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OK, Boomer … Can you honestly blame them? Throughout boomer history, they have shifted tides, altered ideas, and created big societal change. And could it be now that boomers are coming face to face with their own form of backlash, creating a game change that they weren’t expecting.
By Dr. E. Ayn Welleford, Greater Richmond Age Wave Co-Lead and Director of the VCU Gerontology Longevity Clinic
AAfter years of slinging around “oh these millennials...” the boomers, the group who invented “never trust anyone over 30” are finally feeling the backlash. It is no surprise that this younger age group started slinging back. I frequently hear folks say, “Oh, these millennials…” to which I respond, “I KNOW, aren’t they amazing!!” In return I receive an expected BLINK, BLINK. As a developmental gerontologist, I don’t actually ascribe to these arbitrary age segmentations, believing rather that individuals develop according to their own paths. Also, I understand that there are amazing and not-so-amazing things about every age and stage. And finally, that throughout our history we have always seen intergenerational tension, cohort against cohort, regardless of the labels. Here we are again. No surprise.
Interestingly, most of the criticism I hear about the older generation or being older comes from older people themselves, or, even more sadly, from professionals working with our elders. Intragenerational tension is also equally high and troubling. When I first got into the business of Disrupting Ageism, which gerontologists were doing long before we began calling it that, I naively thought we were making progress on this generational divide. Now, not so much. But connecting across our differences only happens through acknowledgement and conversation. “Oh, these millennials…” is like any form of “othering” or microaggression. “Ok, boomer” is a perfectly reasonable response to feeling attacked. Maybe it's not appropriate in the Michelle Obama, “they go low, we go high” sense, but nonetheless unsurprising. It’s a response that’s saying, “Ouch,” or, “Stop bullying me.” Both “Oh, these millennials” and “Ok, boomer” are statements that say “Please, see me. Please, hear me. I mean all of me, not just your media sensationalized, single story version of me.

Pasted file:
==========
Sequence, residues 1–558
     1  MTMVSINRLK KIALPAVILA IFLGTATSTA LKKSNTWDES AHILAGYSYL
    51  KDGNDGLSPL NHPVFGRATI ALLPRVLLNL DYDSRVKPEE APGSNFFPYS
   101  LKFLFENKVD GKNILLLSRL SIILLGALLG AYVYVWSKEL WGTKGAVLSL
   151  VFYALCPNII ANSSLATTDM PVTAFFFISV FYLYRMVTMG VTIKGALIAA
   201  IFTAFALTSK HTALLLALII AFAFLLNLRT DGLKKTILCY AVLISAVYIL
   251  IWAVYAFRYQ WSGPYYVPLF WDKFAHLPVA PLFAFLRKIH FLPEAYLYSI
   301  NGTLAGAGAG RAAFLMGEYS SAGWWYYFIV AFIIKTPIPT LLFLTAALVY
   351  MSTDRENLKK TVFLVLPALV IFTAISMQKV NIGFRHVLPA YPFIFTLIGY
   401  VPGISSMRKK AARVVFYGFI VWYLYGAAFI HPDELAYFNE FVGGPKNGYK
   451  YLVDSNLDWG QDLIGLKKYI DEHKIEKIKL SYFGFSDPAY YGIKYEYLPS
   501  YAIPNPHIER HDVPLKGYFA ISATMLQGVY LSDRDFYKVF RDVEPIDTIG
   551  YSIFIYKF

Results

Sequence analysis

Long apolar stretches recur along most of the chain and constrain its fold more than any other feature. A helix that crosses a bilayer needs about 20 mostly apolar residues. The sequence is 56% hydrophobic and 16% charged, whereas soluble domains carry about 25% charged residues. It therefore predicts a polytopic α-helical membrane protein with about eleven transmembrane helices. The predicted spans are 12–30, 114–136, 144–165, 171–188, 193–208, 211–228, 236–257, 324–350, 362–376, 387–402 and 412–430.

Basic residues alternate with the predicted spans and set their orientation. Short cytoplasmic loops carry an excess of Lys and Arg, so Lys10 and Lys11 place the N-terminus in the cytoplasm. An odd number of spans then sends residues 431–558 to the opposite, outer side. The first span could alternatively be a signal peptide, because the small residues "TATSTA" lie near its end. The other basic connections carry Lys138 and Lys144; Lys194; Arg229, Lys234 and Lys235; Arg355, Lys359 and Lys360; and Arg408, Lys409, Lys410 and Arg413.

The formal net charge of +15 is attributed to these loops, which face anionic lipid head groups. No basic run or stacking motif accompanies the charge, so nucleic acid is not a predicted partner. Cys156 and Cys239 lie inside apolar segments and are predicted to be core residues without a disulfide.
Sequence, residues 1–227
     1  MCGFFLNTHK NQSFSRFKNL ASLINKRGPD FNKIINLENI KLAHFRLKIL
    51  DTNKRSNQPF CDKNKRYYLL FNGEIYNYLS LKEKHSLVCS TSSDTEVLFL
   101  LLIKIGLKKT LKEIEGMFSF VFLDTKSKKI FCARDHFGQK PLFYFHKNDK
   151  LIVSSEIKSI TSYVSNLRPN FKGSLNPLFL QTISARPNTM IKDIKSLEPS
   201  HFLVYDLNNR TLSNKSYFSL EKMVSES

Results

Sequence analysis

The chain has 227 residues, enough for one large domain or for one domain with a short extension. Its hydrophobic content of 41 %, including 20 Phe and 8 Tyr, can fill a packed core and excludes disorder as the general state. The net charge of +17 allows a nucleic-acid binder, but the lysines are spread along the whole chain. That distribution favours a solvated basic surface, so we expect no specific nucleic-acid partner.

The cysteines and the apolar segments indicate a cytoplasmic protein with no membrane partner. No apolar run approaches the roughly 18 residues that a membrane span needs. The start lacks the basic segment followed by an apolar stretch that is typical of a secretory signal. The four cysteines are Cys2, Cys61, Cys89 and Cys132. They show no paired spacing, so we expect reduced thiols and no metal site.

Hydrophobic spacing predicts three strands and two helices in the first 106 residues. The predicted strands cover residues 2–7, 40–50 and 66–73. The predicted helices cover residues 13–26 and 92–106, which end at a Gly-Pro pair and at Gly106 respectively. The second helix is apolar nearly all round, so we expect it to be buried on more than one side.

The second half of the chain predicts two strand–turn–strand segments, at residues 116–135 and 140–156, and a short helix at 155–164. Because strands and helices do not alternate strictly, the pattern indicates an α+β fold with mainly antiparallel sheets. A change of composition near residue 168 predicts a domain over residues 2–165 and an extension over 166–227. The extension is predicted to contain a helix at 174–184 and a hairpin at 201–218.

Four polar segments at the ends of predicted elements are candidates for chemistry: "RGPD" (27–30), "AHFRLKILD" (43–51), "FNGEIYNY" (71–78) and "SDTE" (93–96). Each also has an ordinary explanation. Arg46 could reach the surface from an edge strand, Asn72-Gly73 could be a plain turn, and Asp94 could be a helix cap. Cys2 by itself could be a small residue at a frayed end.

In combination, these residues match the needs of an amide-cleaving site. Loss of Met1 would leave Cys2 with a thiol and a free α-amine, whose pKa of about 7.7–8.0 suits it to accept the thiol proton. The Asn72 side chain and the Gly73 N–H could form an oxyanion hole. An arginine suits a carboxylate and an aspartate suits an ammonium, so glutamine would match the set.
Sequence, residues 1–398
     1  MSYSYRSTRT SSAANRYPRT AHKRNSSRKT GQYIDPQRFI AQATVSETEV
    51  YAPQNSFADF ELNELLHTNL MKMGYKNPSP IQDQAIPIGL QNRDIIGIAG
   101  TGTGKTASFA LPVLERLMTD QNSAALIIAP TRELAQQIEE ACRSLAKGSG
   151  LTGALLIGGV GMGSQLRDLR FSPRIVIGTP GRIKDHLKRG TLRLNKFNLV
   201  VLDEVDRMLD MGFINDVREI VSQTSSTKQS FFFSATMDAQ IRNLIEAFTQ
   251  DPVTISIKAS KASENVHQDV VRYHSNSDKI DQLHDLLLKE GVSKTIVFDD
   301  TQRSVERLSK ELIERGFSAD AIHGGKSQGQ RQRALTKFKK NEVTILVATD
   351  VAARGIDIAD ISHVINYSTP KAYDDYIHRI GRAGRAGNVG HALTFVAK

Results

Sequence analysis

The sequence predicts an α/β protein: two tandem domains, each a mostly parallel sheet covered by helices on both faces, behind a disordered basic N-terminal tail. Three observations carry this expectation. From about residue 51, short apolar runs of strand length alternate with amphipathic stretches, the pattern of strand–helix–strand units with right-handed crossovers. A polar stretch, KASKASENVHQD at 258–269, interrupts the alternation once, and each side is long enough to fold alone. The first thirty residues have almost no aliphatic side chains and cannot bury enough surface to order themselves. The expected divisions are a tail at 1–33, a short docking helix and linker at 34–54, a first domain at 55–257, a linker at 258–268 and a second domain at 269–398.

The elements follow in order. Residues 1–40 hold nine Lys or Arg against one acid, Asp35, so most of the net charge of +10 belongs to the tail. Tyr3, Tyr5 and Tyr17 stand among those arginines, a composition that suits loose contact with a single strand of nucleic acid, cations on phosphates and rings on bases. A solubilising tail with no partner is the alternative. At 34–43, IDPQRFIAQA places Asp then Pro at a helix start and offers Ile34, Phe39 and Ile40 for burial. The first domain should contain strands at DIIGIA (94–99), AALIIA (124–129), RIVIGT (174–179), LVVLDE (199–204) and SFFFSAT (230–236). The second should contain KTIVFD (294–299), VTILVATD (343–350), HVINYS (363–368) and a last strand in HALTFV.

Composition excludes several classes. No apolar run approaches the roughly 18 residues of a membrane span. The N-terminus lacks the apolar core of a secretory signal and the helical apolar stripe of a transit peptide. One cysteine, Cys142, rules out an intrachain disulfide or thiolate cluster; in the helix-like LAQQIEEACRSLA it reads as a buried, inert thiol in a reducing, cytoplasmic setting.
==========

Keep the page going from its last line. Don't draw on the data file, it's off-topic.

Let’s see these statements as an opportunity to acknowledge and to start a conversation. As writer Chimamanda Ngozi Adichie says, “...inherent in the power of stories, is a danger -- a danger of only knowing one story about a group. The single story creates stereotypes, and the problem with stereotypes is not that they are untrue, but that they are incomplete. They make one story become the only story.” Just as millennials as a group cannot be singly labeled as slackers and seekers of underserved rapid advancement, older generations also may not be broadly labeled as narrow minded, inflexible, unhappy, and unteachable. In fact, statistically, the opposite is truer to fact. Conflict is where growth happens. This is how the light gets in -- this is how we understand that we are not satisfied with the current state of things and SEEK opportunities for our future possible selves. This is happening right now, in this cross-generational conversation. Let’s see these statements as an opportunity to acknowledge and to start a conversation, to reject the single story of millennials or boomers. We really are all in this gig together. We are better together. Let’s start a conversation.
Congratulations! Congratulations to Age Wave co-lead and Senior Connections' Executive Director Dr. Thelma Bland Watson, recently recognized as a Richmond TimesDispatch Person of the Year Honoree! Our communities have benefitted immeasurably from her dedication to Richmond and making our region a great place for all to grow old.
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Thank you to the organizations that support Age Wave's work: Humana Genworth Foundation Richmond Memorial Health Foundation Senior Connections, The Capital Area Agency on Aging Seventh Street Christian Church The Community Foundation Serving Richmond and Central Virginia The Pauley Family Foundation UnitedHealthCare United Way of Greater Richmond & Petersburg VCU Department of Gerontology Virginia Department for Aging and Rehabilitative Services
Thoughts on "OK, boomer" and more in The Longevity Project Magazine In-Betweener!